Mistakes and How You May or May Not Learn From Them

March 19, 2012
By
The single choice.

The arrogant reassurance that everything will be fine.

The collision, dust kicking up from the road.

Shards of crystalized glass, pouring down like a rainstorm.

That single thought encasing their mind, hopelessness.

And then . . . darkness.




Things can be different; the end can’t exist without the beginning. Every decision, subconsciously or consciously made, alters you somehow. It could be a miniscule change, or it can be world-shaking; it can be for the good, or it could be for the worse. It all depends on when you make the choice. That is, the right choice.
For my brother, it was too late. One moment of arrogant reassurance took his life on a different course than any of us expected—or hoped for, really. And I remember it; I remember it all. I remember feeling the need to pray for the safety of those I loved. I remember going to sleep without a care in the world, only for my mom to wake me and my sister up in the middle of the night so we could drive up to Virginia.

That’s where it happened . . . a place I had always associated with happiness. And now . . .

I remember it being the fastest road trip I had ever taken. I also remember it being the longest.

I remember not really knowing what was going on. All I knew was that this situation I had no knowledge of made my mom so evidently . . . sad. And that made me sad. But that was nothing like what I felt when I finally understood. I remember being confused. Why would something like this ever happen? He was so young, so carefree. He was my brother.

I remember the hospital and the nurses. I remember the machines that had temporarily become a part of him, keeping him alive. I remember crying as his closed eyes peered up at me. I wonder, looking back at it, if this is where he had been speaking to angels in spirit as we gazed at his body. Most of all, I remember gazing at his chest—rising, falling—and thinking that my prayer had been answered. I remember silence embracing me, and then . . . heartbeats.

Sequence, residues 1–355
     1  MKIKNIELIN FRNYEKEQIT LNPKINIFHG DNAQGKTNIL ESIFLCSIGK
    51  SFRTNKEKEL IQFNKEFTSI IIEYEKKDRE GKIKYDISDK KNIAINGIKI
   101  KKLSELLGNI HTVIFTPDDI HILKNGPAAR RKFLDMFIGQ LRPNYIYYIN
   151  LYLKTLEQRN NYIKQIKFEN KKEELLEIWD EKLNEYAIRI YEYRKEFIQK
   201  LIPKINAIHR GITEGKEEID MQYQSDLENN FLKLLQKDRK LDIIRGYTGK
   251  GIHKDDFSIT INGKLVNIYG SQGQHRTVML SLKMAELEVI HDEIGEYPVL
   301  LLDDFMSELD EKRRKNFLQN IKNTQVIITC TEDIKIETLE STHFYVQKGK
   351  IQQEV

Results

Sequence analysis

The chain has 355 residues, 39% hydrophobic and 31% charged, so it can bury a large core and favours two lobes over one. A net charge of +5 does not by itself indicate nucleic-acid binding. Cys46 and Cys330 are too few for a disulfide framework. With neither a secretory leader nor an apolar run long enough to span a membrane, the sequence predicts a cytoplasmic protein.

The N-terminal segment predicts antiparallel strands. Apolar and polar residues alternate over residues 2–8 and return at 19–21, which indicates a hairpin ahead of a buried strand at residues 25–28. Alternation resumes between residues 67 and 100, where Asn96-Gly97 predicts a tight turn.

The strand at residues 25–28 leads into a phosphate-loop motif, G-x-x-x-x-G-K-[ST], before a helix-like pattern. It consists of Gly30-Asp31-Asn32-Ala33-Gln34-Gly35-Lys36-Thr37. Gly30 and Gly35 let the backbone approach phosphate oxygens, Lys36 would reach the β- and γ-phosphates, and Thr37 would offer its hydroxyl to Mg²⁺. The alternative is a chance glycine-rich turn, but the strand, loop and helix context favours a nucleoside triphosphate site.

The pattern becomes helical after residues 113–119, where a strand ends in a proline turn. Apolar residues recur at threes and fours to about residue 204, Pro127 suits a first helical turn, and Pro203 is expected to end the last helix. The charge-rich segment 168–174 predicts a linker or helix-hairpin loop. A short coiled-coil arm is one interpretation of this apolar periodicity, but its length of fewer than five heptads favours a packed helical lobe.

Rising, falling . . .
“Mom, what . . . happened?” I remember asking weeks later.

“He ran a stop sign into oncoming traffic . . . he was drunk driving.”




Now for another’s story.
He was one of the closest friends I ever had—still is, too. We were connected through our unlikely friendship, but we lived in completely separate worlds. For him, high school was the epitome of utopia—for me, it was the antithesis. I had moved to Maryland from California, and my mindset was different from these unfamiliar people surrounding me.

I didn’t exactly fit in.

He lived there since elementary school. He was athletic and outgoing and handsome and accepting. It puzzled me, really; he did everything in his power to gain his own acceptance. From the very people he called friends. Yeah, right. Some friends.

He told me at church—as if being around spiritual paintings would be incentive for me to control my anger. It wasn’t. I glared at him in all my enraged disappointment with my root beer eyes. He stared back in confusion—it was obvious to me that he wasn’t expecting me to react this way. Knowing him he probably thought I’d shrug it off like that morning’s snowfall and laugh the way he was laughing.

But I didn’t see what was so funny.

To him, what he did was a good old riot. But all I could see when I looked at him was his body in a hospital bed, hooked up to machines that were keeping him alive—like my brother. I told him all about my brother in hopes that he could see the danger in what he was doing. It was difficult to recount such hardships and it stung when he regarded my brother’s story with indifference. I talked to church leaders who, in turn, talked to him. He thought I was being nosy and overbearing. I thought I was being a good friend, unlike the ‘friends’ encouraging this.

The worst was that I was in the process of moving. Although my family and I both hated where we lived and couldn’t wait to get away, I couldn’t shake the feeling that if I left his actions would only grow more . . . well, stupid. Who would he have to tell him to stop?

A year later after I moved he told me his mom found out. He told me he felt like the worst son in the world. And, although I felt bad for my friend who was now perpetually grounded, I couldn’t help but feel a little relieved. He had told me that his parents were getting stricter, which meant he wasn’t going to parties anymore . . . which meant that no one would be passing him any alcohol. But that moment of hope was crushed when he quickly stated that he’d “just pick it up again in college.”

Although my brother never had the chance to learn from his mistakes before tragedy hit and my friend is determined to ignore my brother’s experience, I was able to take away from it. I have no tolerance for alcohol now. Not in the slightest. Also, this entire experience helped me realize how observant I am. I can only hope that others can be just as aware of other’s experiences as me. Even if it’s good to learn from your own mistakes . . . there are some mistakes that you can’t come back from. And how can you learn then?





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